What is paranoia?
Paranoia is a thought process that causes you to have an irrational suspicion or mistrust of others. People with paranoia may feel like they’re being persecuted or that someone is out to get them. They may feel the threat of physical harm even if they aren’t in danger. People with dementia sometimes have paranoia, and it also can occur in people who abuse drugs. Paranoid thoughts can also be a symptom of a mental illness or a personality disorder.
_ Symptoms of paranoia.
Everyone experiences paranoid thoughts at some point in their life, but paranoia is the constant experience of symptoms and unfounded feelings of paranoia. The symptoms of paranoia vary in severity and can interfere with all areas of life. The symptoms include:
1. A constant stress or anxiety related to beliefs they have about others.
2. A mistrust of others.
3. Feeling disbelieved or misunderstood.
4. Feeling victimized or persecuted when there isn’t a threat.
6. Always question what others are doing, whether internally or out loud.
7. Belief that you have a special role or importance in the world that is not recognized, or been discouraged by, others.
8. The belief that there is special meaning in the way people perceive you and their tone of voice, or other aspects of their behavior that have no real meaning.
Mistrust of others and constant anxiety can make relationships and interactions with others difficult, causing problems with employment and personal relationships.
People with paranoia may feel that others are plotting against them or trying to cause them physical or emotional harm, and maybe even stealing from them. They may be unable to work with others and can be hostile or detached, leading to isolation.
Paranoid schizophrenia is a form of mental illness, and people with it can be distrustful of others and may be suspicious and guarded. They may also have delusions or believe that others are trying to hurt them. A person with schizophrenia may also experience hallucinations.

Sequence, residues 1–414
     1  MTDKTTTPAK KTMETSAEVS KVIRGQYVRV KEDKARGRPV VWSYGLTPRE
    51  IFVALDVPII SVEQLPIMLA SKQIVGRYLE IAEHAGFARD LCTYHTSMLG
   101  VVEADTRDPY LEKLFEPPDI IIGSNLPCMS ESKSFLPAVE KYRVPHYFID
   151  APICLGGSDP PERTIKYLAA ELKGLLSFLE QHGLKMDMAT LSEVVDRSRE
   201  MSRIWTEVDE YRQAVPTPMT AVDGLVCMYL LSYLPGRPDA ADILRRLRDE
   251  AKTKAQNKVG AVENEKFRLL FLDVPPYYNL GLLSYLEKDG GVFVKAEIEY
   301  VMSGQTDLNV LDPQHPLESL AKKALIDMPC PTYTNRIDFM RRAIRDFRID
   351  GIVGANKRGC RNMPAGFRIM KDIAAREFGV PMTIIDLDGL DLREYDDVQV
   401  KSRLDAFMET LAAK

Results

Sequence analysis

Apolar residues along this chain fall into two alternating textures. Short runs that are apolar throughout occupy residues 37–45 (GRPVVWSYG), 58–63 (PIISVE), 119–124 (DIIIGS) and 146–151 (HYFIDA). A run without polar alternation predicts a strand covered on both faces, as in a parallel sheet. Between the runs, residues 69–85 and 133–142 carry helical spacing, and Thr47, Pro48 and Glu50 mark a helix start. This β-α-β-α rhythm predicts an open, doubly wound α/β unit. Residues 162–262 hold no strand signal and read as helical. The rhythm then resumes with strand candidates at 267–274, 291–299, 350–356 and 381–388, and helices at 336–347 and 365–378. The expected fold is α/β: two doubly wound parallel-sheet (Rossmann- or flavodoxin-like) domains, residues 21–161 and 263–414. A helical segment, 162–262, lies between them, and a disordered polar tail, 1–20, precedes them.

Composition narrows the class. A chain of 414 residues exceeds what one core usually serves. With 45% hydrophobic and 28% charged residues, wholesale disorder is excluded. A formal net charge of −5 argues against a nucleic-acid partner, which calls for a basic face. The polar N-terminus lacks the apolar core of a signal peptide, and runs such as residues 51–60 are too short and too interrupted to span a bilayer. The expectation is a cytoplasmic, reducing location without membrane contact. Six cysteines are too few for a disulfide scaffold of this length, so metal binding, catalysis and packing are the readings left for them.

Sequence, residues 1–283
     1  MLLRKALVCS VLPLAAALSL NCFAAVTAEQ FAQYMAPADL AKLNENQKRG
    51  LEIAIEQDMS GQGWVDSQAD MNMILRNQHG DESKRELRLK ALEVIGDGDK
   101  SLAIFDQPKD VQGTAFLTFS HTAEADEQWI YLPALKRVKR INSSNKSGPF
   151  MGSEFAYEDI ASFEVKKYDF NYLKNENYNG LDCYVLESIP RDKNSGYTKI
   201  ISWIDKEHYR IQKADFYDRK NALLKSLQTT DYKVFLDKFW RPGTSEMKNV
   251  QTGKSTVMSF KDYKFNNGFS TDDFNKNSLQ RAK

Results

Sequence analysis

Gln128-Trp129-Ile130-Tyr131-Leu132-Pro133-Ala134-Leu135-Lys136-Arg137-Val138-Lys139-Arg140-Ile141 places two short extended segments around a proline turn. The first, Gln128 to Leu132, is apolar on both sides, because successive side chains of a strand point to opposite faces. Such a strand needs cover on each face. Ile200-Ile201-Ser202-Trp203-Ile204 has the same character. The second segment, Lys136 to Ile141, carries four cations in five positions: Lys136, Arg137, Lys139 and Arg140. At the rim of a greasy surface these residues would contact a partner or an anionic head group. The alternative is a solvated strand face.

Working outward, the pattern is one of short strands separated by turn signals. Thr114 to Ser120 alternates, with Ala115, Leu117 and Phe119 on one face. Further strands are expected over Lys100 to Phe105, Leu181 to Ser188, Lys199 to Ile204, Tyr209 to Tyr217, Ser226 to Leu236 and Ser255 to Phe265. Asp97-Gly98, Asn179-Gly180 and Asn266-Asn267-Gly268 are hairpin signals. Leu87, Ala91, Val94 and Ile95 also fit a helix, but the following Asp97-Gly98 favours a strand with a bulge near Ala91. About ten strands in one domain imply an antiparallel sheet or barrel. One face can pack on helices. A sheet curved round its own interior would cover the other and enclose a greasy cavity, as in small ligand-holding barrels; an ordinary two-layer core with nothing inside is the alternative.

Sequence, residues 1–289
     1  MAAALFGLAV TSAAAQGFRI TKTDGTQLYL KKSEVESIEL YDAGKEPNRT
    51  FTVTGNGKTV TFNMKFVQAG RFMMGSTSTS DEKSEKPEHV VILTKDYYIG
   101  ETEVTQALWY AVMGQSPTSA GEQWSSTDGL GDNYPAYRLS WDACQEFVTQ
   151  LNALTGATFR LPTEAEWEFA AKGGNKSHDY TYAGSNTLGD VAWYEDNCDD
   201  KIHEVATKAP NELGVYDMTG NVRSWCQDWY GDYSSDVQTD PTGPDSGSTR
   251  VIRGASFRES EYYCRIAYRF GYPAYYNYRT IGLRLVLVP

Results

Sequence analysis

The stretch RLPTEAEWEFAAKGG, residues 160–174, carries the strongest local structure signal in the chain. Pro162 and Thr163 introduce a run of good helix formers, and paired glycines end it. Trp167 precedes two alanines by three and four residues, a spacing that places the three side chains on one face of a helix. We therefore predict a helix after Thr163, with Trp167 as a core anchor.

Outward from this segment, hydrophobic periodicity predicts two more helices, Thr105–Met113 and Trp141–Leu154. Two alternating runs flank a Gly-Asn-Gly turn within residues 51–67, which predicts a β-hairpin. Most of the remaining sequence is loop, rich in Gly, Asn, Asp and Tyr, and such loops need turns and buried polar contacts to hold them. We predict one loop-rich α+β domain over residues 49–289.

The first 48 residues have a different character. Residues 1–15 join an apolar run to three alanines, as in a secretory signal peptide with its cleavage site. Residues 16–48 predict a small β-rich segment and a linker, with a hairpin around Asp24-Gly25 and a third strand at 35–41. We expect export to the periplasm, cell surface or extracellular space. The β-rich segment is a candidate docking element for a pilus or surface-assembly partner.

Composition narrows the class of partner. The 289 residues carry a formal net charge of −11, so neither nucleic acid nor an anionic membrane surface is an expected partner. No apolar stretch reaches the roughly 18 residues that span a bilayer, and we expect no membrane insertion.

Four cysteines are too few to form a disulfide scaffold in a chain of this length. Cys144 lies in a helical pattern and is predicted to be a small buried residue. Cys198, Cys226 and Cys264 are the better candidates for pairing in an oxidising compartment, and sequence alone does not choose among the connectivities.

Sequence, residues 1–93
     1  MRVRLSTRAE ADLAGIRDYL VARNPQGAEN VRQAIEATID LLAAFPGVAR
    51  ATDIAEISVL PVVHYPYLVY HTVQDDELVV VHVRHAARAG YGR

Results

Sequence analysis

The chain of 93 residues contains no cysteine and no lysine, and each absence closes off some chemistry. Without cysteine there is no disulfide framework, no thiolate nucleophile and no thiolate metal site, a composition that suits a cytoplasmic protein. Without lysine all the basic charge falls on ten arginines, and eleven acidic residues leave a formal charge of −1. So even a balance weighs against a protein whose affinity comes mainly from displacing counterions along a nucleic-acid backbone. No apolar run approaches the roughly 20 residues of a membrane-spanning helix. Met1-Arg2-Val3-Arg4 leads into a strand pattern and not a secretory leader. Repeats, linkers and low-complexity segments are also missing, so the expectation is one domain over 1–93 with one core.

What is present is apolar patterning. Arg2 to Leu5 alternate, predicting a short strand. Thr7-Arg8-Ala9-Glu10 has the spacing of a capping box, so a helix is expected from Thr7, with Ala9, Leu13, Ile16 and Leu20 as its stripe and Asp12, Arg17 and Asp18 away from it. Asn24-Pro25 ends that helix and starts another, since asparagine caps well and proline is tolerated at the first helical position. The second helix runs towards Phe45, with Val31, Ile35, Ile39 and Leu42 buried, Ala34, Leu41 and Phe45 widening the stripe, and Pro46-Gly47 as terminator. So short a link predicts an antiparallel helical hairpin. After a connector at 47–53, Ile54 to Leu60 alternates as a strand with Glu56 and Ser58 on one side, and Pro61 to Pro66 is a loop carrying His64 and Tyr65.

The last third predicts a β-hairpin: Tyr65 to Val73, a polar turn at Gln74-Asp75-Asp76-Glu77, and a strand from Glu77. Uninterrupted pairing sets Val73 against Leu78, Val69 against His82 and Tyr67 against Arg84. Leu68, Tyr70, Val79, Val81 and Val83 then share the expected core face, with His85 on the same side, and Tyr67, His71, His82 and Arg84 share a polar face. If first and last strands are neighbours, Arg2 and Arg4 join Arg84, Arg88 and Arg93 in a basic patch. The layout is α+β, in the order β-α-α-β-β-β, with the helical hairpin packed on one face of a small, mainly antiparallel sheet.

_ Causes of paranoia.
There are several reasons behind developing paranoia, which may be as follows:
1. Lack of sleep.
Losing one night’s sleep will not cause you to become paranoid, but if you suffer from persistent insomnia, it can distract you during the day, causing you to clash with others unintentionally.You may think that people have grudges against you as a result of your hallucination.
When the level of stress in your life rises, you may feel suspicious of others and develop paranoia.
Stress is not intended to cause stress only that it is a negative thing, such as: illness or job loss, as happy occasions, such as marriage, may also cause you anxiety and tension.
Schizophrenia is a serious mental disorder that makes it difficult for you to differentiate between what is real and what is imagined, which makes you more likely to develop paranoia.
3. Emotional fluctuations.
Your rapid emotional and mood swings that make you love someone at an instantaneous speed, and then hate them in the next moment, can make you more likely to develop paranoia.
Medicines that contain narcotics, stimulants, or alcohol contribute to hallucinations that may later develop into paranoia as a result of continuing to take these chemicals.
5. Memory loss.
Alzheimer’s disease and other forms of dementia can change your brain in a way that makes you more fearful and suspicious of others.
_ How is paranoia treated?
Treatment depends on the cause and severity of symptoms and may include medication and psychotherapy.
Psychotherapy aims to help people with paranoia:
1. Accept their vulnerability.
2. Increase their self-esteem.
3. Develop trust in others.
4. Learn to express and handle their emotions in a positive manner.
Treatment for paranoid personality disorder usually involves psychotherapy to help you develop coping skills to improve socialization and communication.
Sometimes, doctors prescribe anti-anxiety medication to treat paranoid personality disorder for people who are often anxious or fearful.
Atypical antipsychotic medications may also help relieve symptoms.
If your paranoia is part of a psychiatric issue, your doctor will refer you to a psychiatrist or a psychologist who will then perform an evaluation and clinical psychological tests to help them determine your mental status.
Other conditions that can occur in people with paranoia are:
▪️ Bipolar disorder.
MaryAnn DePietro (8-1-2014), “Paranoia”، www.healthline.com
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